A study of the igneous intrusive rocks of the Dunnage Melange, Newfoundland

Lorenz, Brenna Ellen (1984) A study of the igneous intrusive rocks of the Dunnage Melange, Newfoundland. Doctoral (PhD) thesis, Memorial University of Newfoundland.

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Abstract

The Dunnage Melange, located in the central mobile belt of the Appalachian Orogen, in north-central Newfoundland, is host to several suites of igneous intrusions. These include mafic through felsic dikes, stocks, and batholiths ranging in age from Early Ordovician through Jurassic. -- The tectonic environment and mode of origin of the Dunnage Melange, as well as the origin and significance of its intrusions, have long been a subject of controversy. The purpose of this study was to examine the field relationships between the intrusions and the host melange, and the geochemistry and petrography of the intrusions, in the context of this controversy. -- It was concluded that the melange and its intrusions were part of a complex and dynamic igneous, sedimentary and tectonic system, the local history of which was characterized by penecontemporaneous sedimentation, block faulting, olistostrome deposition, intrusion, and sediment slumping and sliding in Ordovician time. The earliest intrusions are mafic tholeiites with a chemistry indicative of a tensional environment, interpreted to be related to back-arc basinal rifting. The Dunnage Formation was then intruded, penecontemporaneously with sedimentation and melange formation, by a suite of silicic rocks (the Coaker Porphyry) that have a sedimentary source. These intrusions were followed closely in time by a calc-alkaline suite that was derived from an igneous or mantle source. On a regional scale, melange formation and intrusion of the Coaker Porphyry are interpreted to have taken place in a back-arc setting during the Early Ordovician subduction of the leading edge of the continental margin of North America, with partial melting of sediments from the continental margin giving rise to large quantities of silicic magma that permeated the overlying mantle wedge. Later calc-alkaline magmas were derived from the partial melting of this contaminated mantle.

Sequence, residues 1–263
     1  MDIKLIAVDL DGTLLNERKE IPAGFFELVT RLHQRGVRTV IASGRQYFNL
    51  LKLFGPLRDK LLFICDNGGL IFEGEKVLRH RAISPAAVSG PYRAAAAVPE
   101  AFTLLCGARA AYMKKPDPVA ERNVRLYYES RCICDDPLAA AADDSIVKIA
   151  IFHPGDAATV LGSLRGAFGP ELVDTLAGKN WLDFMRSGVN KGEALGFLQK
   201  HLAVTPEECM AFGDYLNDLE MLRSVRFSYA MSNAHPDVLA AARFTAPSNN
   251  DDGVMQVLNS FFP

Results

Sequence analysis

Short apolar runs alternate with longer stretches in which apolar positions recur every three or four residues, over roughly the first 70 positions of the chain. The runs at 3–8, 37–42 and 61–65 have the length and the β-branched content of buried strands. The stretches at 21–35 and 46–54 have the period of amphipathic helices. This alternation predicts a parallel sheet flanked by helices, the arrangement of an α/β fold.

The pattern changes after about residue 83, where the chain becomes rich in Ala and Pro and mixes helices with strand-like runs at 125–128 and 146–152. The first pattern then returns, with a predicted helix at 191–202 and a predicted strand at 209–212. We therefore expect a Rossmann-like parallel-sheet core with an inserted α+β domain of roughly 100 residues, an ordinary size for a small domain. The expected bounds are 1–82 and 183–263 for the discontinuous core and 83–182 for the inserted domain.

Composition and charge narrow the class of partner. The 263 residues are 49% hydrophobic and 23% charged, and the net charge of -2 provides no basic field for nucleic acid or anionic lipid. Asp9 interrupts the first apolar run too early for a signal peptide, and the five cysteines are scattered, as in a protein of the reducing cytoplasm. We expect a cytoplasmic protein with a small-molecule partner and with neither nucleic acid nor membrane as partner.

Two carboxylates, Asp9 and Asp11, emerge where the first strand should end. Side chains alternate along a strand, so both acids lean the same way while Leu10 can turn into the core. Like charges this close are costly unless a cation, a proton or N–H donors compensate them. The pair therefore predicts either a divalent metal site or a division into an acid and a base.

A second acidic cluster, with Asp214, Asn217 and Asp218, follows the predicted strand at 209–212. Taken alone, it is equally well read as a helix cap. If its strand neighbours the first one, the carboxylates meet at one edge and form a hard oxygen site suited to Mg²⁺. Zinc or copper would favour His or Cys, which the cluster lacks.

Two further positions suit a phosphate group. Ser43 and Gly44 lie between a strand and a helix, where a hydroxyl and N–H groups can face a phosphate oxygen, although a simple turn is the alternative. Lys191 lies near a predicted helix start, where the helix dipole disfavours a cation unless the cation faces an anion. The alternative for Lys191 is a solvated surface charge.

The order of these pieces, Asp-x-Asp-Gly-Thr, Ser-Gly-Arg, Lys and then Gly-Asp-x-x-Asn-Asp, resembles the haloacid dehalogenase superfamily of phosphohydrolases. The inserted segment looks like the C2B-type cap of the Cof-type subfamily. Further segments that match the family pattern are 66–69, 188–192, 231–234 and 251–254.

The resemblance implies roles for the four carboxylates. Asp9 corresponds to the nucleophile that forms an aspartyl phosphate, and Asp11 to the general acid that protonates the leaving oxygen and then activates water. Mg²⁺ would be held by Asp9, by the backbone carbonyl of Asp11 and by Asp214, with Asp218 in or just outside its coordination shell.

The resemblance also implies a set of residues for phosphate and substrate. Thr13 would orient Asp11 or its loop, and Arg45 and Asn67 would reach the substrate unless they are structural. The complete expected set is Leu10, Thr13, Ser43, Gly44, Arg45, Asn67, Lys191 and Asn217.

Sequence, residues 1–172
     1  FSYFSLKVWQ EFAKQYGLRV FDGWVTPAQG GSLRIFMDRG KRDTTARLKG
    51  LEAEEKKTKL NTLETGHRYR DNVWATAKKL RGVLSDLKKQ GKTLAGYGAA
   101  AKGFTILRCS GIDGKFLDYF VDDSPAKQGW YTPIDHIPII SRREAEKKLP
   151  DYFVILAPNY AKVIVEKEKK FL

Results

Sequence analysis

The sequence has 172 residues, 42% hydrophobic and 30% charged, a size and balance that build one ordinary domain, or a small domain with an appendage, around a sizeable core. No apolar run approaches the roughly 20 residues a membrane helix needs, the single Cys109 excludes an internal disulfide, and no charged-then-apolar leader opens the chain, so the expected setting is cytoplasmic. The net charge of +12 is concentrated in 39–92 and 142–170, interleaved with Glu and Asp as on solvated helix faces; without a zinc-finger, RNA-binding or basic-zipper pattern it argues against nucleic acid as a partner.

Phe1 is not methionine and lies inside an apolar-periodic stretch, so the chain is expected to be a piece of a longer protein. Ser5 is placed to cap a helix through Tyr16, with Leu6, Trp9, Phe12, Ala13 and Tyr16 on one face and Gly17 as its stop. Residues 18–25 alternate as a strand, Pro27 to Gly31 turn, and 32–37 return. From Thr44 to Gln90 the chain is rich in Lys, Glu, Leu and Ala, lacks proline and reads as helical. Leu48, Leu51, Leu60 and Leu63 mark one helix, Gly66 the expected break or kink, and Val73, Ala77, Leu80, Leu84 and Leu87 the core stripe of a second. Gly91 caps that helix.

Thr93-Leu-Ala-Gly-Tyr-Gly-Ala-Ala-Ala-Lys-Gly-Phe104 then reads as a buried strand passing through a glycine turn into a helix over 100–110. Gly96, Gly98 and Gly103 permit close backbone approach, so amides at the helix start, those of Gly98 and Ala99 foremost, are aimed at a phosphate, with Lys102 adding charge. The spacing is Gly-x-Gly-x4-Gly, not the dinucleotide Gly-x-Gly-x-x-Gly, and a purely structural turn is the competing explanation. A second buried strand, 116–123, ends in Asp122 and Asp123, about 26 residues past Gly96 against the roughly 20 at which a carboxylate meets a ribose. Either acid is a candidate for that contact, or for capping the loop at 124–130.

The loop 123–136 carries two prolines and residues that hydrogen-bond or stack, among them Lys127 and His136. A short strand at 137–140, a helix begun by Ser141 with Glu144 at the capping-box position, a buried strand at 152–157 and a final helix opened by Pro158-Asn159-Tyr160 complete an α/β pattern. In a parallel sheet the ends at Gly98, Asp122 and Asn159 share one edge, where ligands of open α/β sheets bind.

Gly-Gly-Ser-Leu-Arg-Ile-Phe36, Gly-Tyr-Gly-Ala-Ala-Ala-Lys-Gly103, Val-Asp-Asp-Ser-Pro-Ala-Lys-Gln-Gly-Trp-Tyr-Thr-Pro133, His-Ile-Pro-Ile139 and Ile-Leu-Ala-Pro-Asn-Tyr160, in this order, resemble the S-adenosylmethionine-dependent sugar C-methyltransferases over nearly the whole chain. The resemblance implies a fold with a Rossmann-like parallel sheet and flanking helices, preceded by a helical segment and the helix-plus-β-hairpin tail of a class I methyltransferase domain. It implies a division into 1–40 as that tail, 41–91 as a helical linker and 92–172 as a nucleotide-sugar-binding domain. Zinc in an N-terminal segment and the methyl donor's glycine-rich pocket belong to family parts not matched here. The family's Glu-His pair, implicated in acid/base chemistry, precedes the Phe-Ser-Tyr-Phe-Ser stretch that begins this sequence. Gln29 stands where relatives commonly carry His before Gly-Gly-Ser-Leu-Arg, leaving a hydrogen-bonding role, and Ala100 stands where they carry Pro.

Item Type: Thesis (Doctoral (PhD))
URI: http://research.library.mun.ca/id/eprint/6690
Item ID: 6690
Additional Information: Bibliography: leaves 211-220.
Department(s): Science, Faculty of > Earth Sciences
Date: 1984
Date Type: Submission
Geographic Location: Canada--Newfoundland and Labrador--Notre Dame Bay; Appalachian Mountains
Library of Congress Subject Heading: Geology--Newfoundland and Labrador--Notre Dame Bay; Igneous rocks--Newfoundland and Labrador--Notre Dame Bay; Intrusions (Geology)--Newfoundland and Labrador--Notre Dame Bay; Melanges (Petrology); Appalachian Mountains

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